A new analysis of the global solar market predicts that the American photovoltaic industry will continue to contract through 2014 at least, with a number of companies either folding or being acquired by other companies.
The report, "Global PV Module Manufacturers 2013: Competitive Positioning, Consolidation and the China Factor" released Tuesday by GTM Research, credits what it calls "aggressive" oversupply and faltering feed-in tariffs for the sluggish market.
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The twin malaises of rampant overcapacity and commoditization have combined to result in a slew of plant closures, market exits and insolvencies over the past year and a half. However, the victims thus far have mostly been smaller producers in high cost regions, and this has done very little to alleviate the industry's troubles. With overcapacity likely to persist through much of 2013 and the balance sheets of most producers under severe stress, there is very little doubt that much more consolidation is on the way, and that the global PV module landscape is headed for a significant transformation.
Among Mehta's suggested causes of the current market consolidation, which had its roots in the global economic crisis of 2009, is slackening of global incentives such as feed-in tariffs, which prompted many prospective buyers of solar capacity to delay purchasing decisions, worsening the supply and demand imbalance.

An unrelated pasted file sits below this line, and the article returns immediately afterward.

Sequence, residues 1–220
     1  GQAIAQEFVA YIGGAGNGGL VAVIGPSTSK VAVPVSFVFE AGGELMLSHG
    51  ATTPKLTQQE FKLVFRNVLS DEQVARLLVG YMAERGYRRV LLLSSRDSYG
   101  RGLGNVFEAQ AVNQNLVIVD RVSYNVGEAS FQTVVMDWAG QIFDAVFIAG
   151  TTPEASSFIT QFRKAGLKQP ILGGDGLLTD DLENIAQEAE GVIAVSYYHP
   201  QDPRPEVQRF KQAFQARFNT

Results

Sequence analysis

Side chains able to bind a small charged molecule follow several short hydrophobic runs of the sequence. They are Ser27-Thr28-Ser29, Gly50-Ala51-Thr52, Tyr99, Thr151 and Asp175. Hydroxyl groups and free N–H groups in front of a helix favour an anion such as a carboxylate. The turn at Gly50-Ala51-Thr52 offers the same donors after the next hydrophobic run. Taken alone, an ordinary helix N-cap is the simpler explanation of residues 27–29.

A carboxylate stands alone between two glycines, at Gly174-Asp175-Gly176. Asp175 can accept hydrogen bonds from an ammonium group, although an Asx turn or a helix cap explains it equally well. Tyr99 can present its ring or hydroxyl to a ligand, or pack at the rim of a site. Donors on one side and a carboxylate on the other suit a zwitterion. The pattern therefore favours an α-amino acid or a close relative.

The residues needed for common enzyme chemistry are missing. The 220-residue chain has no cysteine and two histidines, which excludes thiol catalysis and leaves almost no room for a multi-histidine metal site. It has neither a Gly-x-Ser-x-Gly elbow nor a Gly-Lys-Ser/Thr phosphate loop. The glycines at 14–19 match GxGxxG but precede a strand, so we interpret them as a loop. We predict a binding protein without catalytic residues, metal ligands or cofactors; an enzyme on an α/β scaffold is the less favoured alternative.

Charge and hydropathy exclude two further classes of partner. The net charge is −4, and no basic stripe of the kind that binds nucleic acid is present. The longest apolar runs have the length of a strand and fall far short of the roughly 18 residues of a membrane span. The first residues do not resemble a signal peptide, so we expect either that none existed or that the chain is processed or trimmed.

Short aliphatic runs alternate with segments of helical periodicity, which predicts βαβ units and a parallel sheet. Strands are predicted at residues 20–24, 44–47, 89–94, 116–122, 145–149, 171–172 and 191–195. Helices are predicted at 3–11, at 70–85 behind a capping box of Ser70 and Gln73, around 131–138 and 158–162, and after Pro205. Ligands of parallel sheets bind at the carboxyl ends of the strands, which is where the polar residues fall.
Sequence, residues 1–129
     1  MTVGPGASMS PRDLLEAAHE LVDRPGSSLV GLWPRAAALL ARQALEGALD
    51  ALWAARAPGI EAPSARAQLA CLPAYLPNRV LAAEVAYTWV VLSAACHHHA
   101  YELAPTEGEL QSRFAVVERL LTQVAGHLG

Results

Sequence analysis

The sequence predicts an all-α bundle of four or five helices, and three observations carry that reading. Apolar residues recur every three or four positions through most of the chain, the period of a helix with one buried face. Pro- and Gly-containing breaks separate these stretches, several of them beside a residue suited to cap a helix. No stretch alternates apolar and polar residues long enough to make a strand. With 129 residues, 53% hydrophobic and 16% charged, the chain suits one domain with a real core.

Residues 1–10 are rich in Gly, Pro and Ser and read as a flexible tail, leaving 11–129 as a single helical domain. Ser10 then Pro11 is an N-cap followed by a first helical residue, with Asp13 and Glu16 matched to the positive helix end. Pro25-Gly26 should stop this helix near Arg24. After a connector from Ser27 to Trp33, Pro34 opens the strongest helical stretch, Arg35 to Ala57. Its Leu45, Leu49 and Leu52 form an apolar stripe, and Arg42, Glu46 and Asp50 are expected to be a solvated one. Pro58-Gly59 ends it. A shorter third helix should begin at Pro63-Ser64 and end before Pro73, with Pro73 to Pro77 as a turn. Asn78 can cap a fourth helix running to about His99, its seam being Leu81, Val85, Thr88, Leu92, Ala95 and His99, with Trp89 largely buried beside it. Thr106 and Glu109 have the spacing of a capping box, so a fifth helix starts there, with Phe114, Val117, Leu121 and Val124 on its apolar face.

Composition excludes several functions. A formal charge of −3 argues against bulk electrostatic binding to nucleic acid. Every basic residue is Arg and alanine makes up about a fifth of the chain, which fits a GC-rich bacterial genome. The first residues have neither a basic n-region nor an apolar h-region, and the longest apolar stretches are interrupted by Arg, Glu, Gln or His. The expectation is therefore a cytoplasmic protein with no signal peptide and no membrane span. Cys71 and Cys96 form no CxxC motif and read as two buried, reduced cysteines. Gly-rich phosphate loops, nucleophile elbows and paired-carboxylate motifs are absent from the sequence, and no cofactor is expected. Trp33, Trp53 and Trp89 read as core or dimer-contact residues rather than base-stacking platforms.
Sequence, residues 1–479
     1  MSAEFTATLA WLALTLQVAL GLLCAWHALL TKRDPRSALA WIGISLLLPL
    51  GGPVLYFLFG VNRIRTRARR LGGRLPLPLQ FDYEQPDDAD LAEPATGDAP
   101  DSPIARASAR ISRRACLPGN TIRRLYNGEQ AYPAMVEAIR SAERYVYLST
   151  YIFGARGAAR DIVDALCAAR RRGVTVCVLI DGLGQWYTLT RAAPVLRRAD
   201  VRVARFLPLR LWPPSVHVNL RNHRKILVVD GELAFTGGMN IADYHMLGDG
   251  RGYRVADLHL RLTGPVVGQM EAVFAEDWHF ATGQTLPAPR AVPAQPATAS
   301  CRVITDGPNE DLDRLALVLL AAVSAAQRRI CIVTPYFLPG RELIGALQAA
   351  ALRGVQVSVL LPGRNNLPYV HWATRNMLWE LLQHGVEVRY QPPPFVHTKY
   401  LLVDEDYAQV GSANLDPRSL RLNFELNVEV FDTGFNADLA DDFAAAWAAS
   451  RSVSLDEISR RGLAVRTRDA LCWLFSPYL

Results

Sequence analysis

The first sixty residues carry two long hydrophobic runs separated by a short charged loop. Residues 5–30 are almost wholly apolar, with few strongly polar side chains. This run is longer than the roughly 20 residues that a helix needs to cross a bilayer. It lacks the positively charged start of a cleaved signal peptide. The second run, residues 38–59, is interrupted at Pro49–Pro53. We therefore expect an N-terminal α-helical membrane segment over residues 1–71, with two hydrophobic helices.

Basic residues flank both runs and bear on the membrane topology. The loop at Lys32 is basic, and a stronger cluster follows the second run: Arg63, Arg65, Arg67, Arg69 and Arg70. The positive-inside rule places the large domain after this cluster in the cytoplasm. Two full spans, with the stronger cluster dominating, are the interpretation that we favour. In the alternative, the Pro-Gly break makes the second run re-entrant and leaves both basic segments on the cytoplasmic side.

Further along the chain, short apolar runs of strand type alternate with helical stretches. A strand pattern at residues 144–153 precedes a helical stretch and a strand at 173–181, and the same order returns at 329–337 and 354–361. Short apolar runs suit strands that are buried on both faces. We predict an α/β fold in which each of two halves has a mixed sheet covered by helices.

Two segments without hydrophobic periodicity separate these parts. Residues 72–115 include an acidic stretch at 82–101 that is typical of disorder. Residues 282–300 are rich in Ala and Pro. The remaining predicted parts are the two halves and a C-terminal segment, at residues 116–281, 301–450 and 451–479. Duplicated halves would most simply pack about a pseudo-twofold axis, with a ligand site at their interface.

In a podcast interview discussing the report, Mehta said that even the government-supported Chinese solar manufacturing sector will suffer some consolidation. But he predicted that China would remain at the forefront of the industry. "Chinese dominance is not going to change," said Mehta.
The full 67-page report, with a cover price of $1,995, was not made available to ReWire. Forbes contributor Ucilia Wang writes that in the full report, Metha predicts 180 photovoltaic manufacturers worldwide will either go out of business or be gobbled up by other firms by 2015, and that 88 firms will very likely shut down production capacity in countries with expensive costs of doing business, including the U.S.
This is all gloomy news for investors in solar manufacturers, but it's not so bad for people who want to buy solar panels. Installation businesses continue to be the strongest sector of the solar industry, and prices keep dropping. Mehta predicts that the planet will have about 33 gigawatts of surplus PV production capacity over the next couple of years, making it much more affordable to hook up to the sun and use less fossil-fueled electricity. It's a testament to how inside-out our economic system really is that that's considered bleak news for investors.
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